Why Do Migrants Stay Unexpectedly?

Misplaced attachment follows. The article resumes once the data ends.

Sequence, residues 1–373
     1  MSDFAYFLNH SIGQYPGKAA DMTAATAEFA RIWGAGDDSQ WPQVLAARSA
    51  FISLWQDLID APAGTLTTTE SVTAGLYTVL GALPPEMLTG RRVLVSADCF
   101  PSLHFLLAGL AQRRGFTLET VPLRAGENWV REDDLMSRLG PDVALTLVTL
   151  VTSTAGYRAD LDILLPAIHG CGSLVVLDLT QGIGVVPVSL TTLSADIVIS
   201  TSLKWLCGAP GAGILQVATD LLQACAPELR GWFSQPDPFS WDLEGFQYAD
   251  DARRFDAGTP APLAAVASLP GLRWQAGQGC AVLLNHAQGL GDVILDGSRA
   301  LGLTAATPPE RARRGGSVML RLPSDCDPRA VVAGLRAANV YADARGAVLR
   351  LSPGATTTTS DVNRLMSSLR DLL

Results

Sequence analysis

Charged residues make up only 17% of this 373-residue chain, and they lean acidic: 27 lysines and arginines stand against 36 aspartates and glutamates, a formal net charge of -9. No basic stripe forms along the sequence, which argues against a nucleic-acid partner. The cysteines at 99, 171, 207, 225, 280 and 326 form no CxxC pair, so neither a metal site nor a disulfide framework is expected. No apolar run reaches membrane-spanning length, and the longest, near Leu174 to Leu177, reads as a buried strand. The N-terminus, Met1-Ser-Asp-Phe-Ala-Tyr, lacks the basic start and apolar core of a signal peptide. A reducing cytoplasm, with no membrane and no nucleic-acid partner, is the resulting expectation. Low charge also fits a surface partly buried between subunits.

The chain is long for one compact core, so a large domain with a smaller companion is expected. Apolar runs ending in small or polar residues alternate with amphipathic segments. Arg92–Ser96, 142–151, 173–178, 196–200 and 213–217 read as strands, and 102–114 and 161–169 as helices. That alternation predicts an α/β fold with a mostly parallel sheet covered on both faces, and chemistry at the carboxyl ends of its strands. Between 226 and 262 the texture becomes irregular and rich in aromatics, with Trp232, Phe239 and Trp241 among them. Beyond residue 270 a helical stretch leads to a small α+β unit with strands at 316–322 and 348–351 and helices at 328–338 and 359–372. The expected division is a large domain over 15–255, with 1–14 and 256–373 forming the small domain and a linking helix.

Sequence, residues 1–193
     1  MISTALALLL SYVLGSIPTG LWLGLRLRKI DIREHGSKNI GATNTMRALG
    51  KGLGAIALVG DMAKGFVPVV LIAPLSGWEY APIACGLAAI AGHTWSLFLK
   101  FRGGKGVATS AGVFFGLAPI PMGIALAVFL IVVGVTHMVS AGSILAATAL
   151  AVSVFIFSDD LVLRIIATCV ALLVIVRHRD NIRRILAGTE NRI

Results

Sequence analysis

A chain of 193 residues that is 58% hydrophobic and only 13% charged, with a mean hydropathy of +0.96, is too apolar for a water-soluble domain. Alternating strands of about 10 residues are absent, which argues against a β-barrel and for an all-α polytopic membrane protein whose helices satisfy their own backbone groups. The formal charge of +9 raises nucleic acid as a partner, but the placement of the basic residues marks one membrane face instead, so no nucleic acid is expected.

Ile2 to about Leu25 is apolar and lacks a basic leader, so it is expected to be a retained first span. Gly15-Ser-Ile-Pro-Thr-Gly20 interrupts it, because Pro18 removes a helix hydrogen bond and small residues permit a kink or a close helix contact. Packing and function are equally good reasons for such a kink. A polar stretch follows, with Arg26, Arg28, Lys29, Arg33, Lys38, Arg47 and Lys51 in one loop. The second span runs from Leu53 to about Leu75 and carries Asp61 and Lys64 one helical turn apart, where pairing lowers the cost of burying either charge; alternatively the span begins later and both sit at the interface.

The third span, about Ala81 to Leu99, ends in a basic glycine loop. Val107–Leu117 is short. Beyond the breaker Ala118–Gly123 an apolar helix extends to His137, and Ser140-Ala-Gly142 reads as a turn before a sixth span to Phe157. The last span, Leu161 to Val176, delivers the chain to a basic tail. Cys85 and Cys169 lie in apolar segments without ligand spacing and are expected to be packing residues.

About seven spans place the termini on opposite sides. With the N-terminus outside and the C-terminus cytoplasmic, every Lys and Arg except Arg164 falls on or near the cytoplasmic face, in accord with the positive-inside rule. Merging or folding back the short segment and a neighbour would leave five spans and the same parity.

Empirical evidence suggests that many immigrants who initially plan to stay temporarily, eventually do not return to their country of origin. This unexpected staying suggests suboptimal integration among long-term migrants. We develop a theoretical framework in which migrants may misperceive their utility or wage prospects in the host country at arrival. Unaware of these misperceptions, they decide how much to integrate and save, incorrectly anticipating the effects of these actions on their location decision in the long term. We show that any migrant systematically underestimates their probability of staying if and only if their misperception involves specific forms of pessimism about the destination country relative to the country of origin, either in utility or in wage prospects. While present bias does not systematically lead to these forms of pessimism, biases such as projection bias, narrow bracketing, and misinference do and thus can explain unexpected staying. Using the German Socio-Economic Panel, we find that higher levels of pessimism about utility and wages at arrival are associated with unexpected staying in the long term.